Denver Library plans cuts, Byers branch closing
The Denver Public Library is proposing to close its Byers branch and cut weekly service hours by 18 percent across the system next year to help offset the city’s 2010 budget deficit.
“We think we can meet the budget projections without layoffs,” said Diane Lapierre, director of community relations for the library.
Denver is facing a $120 million shortfall next year, and all agencies and departments have been asked to trim their 2010 budgets by 14 percent.
Last month, the Denver Library Commission approved a $3 million cut for next year, or roughly a 10 percent reduction from its 2009 general fund budget.
The Denver Public Library draws 89 percent of its revenue from the city’s general fund, or about $32.3 million in 2009. The total budget for this year was $36.2 milion, with $2.8 million coming from private funds and $983,000 from state and federal sources. DPL has 393 full-time equvalents on staff.
DPL held a community meeting last month and conducted an online survey to determine what kind of cuts customers would be willing to accept and what criteria should be used to close branches or reduce service hours.
“The proposal considered by the Library Commission included only one possible branch closure and a significant reduction in hours across the system, reflecting the preference of both staff and customers,” said Celeste Jackson, DPL spokeswoman.
Customers were asked to rank the three options DPL could take to cut costs: reduce hours across the system, close and sell seven branches, or a combination of closings and reductions.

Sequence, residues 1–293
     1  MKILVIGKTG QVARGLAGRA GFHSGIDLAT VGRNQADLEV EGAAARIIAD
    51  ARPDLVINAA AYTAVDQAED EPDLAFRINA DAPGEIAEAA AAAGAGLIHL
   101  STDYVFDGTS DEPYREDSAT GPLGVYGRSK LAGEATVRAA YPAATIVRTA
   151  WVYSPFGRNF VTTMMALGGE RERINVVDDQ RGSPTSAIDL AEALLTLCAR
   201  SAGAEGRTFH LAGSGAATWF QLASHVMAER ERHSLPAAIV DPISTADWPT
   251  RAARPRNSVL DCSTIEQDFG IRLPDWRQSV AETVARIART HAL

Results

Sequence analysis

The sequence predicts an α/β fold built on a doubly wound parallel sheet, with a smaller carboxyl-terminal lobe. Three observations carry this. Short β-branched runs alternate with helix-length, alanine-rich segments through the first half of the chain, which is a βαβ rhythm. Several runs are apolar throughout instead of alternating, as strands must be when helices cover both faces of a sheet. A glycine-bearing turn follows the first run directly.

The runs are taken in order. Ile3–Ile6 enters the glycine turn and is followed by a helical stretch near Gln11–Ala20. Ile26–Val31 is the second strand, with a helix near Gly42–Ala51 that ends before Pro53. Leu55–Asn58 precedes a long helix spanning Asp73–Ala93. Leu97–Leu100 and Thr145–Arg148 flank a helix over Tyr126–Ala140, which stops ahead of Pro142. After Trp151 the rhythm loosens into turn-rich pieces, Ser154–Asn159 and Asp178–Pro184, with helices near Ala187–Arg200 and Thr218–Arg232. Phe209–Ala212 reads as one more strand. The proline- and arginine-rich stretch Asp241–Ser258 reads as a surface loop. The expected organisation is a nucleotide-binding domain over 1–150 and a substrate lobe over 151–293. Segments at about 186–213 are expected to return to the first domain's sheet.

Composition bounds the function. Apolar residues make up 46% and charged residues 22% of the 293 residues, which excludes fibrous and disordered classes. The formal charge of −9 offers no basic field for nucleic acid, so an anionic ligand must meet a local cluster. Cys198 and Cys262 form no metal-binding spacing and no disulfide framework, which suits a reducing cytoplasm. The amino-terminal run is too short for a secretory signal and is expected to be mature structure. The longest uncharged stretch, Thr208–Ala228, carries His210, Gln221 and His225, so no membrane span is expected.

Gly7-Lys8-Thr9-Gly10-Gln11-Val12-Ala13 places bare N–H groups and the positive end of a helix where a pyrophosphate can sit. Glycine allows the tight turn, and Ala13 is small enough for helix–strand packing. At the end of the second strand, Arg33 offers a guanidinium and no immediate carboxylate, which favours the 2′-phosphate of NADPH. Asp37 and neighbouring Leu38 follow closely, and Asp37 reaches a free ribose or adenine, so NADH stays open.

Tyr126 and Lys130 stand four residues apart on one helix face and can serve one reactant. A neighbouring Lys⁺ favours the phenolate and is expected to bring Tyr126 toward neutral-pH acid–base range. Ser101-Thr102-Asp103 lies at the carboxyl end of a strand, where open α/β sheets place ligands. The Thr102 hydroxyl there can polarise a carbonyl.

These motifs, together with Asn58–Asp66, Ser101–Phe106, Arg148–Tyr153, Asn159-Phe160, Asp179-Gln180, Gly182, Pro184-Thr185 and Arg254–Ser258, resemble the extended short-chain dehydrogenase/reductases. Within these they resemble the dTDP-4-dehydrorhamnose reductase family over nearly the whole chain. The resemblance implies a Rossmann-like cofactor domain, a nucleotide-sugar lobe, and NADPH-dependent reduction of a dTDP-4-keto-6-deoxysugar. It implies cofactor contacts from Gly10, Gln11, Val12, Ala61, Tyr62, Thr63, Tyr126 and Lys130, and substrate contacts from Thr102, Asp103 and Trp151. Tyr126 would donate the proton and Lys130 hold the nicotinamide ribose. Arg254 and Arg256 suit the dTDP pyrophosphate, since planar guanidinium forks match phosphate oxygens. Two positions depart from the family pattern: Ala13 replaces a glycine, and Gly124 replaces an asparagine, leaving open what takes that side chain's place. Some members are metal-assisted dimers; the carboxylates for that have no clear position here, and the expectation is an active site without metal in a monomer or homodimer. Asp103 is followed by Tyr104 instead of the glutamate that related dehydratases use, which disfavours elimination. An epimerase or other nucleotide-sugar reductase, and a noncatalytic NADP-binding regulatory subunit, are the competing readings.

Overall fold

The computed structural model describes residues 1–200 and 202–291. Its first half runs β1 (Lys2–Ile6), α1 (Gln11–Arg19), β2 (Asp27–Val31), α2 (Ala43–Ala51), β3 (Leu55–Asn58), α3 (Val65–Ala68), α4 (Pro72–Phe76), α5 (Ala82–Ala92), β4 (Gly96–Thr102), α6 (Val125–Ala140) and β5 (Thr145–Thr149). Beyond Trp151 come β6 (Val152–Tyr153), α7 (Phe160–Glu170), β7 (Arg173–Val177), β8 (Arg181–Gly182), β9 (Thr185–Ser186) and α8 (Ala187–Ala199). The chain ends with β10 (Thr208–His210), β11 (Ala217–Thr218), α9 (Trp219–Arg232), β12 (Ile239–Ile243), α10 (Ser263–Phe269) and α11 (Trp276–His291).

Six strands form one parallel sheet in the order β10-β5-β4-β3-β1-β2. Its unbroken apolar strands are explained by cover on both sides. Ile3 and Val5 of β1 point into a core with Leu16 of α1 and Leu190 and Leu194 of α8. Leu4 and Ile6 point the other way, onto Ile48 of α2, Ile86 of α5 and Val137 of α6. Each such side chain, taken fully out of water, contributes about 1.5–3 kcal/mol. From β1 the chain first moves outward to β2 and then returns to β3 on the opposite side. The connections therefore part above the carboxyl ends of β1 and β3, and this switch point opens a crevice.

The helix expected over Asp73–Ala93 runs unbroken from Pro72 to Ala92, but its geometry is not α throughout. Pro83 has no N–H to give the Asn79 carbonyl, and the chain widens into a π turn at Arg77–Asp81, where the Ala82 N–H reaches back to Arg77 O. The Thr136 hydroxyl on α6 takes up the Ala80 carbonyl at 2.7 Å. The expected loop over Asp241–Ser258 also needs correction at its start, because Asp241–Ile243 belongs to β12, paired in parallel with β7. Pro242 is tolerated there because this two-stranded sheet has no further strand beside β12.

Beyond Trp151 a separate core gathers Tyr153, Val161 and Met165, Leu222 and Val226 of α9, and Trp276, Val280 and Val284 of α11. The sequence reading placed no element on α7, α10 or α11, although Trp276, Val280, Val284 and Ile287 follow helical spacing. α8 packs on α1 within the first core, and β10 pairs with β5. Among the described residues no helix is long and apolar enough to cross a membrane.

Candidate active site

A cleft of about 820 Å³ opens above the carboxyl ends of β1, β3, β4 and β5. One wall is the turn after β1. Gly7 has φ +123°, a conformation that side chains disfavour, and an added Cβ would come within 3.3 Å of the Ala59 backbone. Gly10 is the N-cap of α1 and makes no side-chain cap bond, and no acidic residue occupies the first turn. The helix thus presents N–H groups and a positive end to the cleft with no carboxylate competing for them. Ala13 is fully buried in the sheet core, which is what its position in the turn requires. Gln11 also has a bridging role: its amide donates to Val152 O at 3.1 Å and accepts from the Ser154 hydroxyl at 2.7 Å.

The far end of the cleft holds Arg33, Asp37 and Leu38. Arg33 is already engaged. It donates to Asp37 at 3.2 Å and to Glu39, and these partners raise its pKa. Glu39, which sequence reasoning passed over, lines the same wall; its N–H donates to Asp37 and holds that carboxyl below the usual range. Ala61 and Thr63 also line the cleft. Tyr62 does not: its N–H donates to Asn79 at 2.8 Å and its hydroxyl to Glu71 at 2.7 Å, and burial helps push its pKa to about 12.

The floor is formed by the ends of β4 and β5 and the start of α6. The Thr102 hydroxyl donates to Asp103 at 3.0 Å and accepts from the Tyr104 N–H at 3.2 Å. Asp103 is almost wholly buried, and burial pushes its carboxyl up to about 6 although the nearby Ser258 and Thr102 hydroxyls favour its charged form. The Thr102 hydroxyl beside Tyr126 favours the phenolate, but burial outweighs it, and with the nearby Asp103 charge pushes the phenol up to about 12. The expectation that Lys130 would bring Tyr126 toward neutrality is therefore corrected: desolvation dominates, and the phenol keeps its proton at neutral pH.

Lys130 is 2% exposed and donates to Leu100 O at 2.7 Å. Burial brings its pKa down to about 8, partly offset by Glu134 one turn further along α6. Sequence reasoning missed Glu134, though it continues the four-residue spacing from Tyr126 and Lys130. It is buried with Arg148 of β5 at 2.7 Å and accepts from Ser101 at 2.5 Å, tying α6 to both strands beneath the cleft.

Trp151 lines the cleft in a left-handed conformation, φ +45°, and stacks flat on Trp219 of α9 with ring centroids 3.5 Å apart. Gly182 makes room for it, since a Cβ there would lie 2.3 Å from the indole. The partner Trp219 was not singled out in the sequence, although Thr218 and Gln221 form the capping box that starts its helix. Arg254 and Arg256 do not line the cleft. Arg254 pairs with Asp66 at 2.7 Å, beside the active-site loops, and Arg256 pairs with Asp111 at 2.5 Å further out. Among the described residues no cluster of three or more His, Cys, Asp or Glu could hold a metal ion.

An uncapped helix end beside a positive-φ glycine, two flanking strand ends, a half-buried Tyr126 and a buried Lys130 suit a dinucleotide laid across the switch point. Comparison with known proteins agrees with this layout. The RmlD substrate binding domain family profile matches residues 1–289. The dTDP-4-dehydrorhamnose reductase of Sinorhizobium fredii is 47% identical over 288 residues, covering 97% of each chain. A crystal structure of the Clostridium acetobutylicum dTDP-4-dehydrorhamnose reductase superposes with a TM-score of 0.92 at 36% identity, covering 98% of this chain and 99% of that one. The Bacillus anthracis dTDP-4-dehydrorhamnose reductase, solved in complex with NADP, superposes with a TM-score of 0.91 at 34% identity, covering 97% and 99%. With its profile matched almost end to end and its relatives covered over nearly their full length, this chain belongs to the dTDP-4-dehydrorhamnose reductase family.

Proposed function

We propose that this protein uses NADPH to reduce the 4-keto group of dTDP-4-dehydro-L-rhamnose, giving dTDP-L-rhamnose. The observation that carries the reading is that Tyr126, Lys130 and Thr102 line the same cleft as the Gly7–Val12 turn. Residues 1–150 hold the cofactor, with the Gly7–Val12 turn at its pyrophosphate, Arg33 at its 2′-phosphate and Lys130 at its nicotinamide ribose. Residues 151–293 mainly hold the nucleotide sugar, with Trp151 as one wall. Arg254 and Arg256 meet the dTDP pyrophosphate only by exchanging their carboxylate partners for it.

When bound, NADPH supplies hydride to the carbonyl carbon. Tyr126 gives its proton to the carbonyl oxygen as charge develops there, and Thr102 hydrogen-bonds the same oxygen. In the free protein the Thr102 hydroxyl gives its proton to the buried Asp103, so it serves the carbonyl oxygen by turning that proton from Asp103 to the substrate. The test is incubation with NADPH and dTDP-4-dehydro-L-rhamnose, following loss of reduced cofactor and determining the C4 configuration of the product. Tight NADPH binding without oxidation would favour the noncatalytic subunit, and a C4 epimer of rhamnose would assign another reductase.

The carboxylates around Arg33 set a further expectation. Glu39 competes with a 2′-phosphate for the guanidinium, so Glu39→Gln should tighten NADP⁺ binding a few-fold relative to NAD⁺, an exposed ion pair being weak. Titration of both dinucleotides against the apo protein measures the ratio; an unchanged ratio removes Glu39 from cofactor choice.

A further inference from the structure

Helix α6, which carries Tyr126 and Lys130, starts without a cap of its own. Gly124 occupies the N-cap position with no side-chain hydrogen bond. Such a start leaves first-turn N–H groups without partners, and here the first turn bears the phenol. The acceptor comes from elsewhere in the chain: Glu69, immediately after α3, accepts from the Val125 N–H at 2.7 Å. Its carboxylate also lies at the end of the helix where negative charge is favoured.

Most (68 percent) would choose reduction of hours across the system first, followed by a combination of closings and reduction of hours (22 percent), then branch closings (9 percent).
Library users also ranked the criteria for selecting a branch for service reductions or closings. Slightly more than half (56 percent) indicated that building usage was very important, followed by location of libraries in neighborhoods with high concentrations of low-income children (43 percent), proximity to another branch (35 percent) and building limitations (8 percent).
The proposed budget cuts are in the following areas:
- Reduction in weekly service hours
The majority of the savings from the proposed 2010 budget — $1.5 million — will come from reducing the weekly hours at the branch libraries, from 1,016 hours this year to 836 hours in 2010
Four branch libraries — Bear Valley, Montbello, Woodbury and University Hills — will have their service hours cut to 40 hours a week. Fourteen other branches will be open only 32 hours a week, and the Central Library will be closed on Sundays.
The specific service hours for each library branch are still being determined.
- Closing and selling the Byers branch library, 675 Santa Fe Drive
DPL will save an estimated $604,000 by shuttering this branch. The savings will come from shifting the four FTE positions to other branches and selling the building at current market value.